Okla. House passes mandate-free health insurance bill - KSWO 7News | Breaking News, Weather and Sports

Okla. House passes mandate-free health insurance bill

Lawton_Oklahoma House members passed a bill on Thursday designed to decrease the number of uninsured Oklahomans, and one Lawton insurance agent is doubtful it will work.  The bill would allow mandate-free health insurance policies for people under 40 years old.  Currently all health insurance policies in Oklahoma require the company to cover many standard procedures - from childhood immunizations to mammograms.  There are 36 such requirements, and some lawmakers say they feel they are driving up some health insurance premium costs.  They say the want people to have the option of purchasing less expensive policies without them, while still covering catastrophic illness or accidents.  Only two lawmakers voted against the bill.

Out of Oklahoma's estimated 600,000 uninsured, about 60% are between the ages of 18 and 40.  The bill is designed to help insure a large segment of the population, but will it?  For 25 years John Hester has been helping families protect themselves through insurance, and when he heard about the proposal for mandate-free health care he says he was dubious.  "To me it would an unwieldy situation to say you've got a mandate-free insurance policy," he said.  "I don't see how you can do it - you've got to start selecting coverages somewhere."

Representative Doug Cox ,(R) Grove, describes the mandate-free policy as a core benefits package for catastrophic care.  "This allows them number one an affordable policy, number two it lets them get into the market and get into the importance of having insurance, just like they value having a cell phone, or a pair of designer jeans."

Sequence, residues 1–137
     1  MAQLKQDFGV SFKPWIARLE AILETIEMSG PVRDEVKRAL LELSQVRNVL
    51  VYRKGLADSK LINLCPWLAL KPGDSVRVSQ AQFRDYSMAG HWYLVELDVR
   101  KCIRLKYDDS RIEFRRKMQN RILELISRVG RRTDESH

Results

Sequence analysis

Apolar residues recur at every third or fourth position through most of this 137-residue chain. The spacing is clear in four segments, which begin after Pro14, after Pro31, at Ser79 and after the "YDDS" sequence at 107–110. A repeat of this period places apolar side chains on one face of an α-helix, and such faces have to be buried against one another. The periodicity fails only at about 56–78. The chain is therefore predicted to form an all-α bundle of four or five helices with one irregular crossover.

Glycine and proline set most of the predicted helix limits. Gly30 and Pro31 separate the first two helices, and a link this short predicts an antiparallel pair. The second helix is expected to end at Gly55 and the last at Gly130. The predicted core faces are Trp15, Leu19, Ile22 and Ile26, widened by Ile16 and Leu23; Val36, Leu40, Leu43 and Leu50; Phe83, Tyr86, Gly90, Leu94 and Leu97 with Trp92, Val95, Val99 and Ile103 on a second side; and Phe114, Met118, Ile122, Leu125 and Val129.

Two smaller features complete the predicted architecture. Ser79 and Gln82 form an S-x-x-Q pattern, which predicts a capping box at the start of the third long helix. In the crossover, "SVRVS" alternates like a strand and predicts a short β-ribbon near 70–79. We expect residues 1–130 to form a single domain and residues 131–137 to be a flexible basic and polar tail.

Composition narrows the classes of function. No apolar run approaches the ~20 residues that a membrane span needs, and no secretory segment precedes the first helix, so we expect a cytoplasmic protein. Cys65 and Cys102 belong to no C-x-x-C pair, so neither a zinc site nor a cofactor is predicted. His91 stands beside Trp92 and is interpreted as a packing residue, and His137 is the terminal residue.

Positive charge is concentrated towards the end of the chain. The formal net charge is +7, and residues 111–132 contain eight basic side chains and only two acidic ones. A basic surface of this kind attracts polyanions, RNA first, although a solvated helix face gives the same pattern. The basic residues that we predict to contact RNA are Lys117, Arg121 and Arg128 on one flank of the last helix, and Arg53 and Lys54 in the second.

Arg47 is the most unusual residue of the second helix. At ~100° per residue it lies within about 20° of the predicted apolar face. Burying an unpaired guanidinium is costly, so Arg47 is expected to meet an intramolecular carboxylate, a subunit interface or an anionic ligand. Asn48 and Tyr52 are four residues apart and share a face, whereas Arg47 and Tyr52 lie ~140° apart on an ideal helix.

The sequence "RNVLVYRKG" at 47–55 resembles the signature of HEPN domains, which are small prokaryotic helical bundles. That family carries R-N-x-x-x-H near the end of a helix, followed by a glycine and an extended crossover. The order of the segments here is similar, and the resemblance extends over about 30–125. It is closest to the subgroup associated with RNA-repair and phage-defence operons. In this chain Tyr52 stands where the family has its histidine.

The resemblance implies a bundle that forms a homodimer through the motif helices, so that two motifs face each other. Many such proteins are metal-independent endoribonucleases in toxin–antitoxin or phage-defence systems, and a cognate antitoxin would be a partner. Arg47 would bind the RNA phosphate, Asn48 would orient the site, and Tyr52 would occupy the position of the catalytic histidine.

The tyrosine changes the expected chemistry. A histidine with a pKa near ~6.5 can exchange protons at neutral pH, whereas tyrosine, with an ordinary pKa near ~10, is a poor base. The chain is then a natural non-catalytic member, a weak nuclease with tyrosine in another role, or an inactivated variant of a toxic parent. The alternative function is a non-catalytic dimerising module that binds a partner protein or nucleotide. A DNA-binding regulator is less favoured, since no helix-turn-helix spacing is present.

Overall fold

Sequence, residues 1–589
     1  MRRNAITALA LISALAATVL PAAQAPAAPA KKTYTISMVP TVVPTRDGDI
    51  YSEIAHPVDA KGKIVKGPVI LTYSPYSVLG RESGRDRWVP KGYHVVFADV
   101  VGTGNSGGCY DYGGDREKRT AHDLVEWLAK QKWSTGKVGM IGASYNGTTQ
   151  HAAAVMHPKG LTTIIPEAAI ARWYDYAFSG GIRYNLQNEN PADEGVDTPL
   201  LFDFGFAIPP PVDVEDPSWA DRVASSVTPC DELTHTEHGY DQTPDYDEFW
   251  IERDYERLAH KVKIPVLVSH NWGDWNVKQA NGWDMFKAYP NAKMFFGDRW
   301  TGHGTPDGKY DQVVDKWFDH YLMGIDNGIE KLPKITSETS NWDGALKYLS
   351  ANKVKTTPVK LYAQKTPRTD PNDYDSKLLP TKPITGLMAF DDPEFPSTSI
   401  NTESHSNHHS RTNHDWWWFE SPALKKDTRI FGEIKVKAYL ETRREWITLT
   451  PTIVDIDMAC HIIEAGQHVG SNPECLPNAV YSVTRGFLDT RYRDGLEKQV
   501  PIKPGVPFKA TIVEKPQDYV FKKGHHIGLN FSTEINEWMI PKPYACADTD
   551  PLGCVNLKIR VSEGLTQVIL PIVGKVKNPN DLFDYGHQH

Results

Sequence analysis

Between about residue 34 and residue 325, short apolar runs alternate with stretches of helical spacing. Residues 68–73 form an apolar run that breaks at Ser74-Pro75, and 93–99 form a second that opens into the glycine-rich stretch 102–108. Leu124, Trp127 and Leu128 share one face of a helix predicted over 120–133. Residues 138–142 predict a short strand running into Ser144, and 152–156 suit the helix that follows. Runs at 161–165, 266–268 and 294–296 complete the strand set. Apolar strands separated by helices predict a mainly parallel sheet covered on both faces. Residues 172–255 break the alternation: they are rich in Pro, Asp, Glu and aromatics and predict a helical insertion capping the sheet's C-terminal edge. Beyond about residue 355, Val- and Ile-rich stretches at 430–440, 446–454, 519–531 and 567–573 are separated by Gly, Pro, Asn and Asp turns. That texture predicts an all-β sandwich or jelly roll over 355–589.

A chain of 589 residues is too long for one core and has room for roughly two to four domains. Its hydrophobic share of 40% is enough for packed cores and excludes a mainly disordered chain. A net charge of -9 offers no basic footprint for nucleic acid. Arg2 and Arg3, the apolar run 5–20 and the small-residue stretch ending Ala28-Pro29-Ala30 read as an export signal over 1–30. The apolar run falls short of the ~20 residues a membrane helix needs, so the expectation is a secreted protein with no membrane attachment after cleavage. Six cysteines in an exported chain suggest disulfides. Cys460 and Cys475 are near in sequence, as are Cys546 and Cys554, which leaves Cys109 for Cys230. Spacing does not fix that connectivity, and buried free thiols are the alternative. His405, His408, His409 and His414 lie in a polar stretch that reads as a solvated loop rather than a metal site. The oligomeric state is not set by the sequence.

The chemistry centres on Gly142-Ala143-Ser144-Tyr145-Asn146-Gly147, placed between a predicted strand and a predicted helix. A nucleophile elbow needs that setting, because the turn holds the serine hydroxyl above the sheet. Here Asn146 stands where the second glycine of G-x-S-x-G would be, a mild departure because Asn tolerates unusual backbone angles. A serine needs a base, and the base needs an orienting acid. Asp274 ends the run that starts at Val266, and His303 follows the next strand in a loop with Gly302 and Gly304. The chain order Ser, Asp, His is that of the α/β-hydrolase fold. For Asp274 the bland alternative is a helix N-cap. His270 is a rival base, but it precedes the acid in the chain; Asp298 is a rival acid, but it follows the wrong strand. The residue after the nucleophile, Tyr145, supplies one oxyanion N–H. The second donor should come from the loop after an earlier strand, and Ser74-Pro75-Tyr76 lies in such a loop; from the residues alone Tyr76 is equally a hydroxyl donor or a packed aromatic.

Would such a policy be worse than having no insurance at all, especially for those under 40?  "That's an age when Oklahomans are healthy," said Cox.  "It's also an age when they feel invincible, and unfortunately that's the age group that fills up our trauma centers and have these huge medical bills - those are cost shifted over to us who do have medical insurance." 

Hester says mandates most often cover procedures that health insurance companies and healthcare providers have agreed are important for preventative care.  It's created a standardized form.  "The buying public can't be knowledgeable enough to understand every single coverage line in an insurance policy," he said.  "That's why we have standardized forms, and that's why we have an insurance department - that's their job."

Now it will be up to the state Senate to decide whether to send the bill to the governor's desk.  The idea for the mandate-free policy came from a House healthcare reform taskforce charged with finding ways to reduce Oklahoma's high number of uninsured.

Count on 7News to keep you updated.

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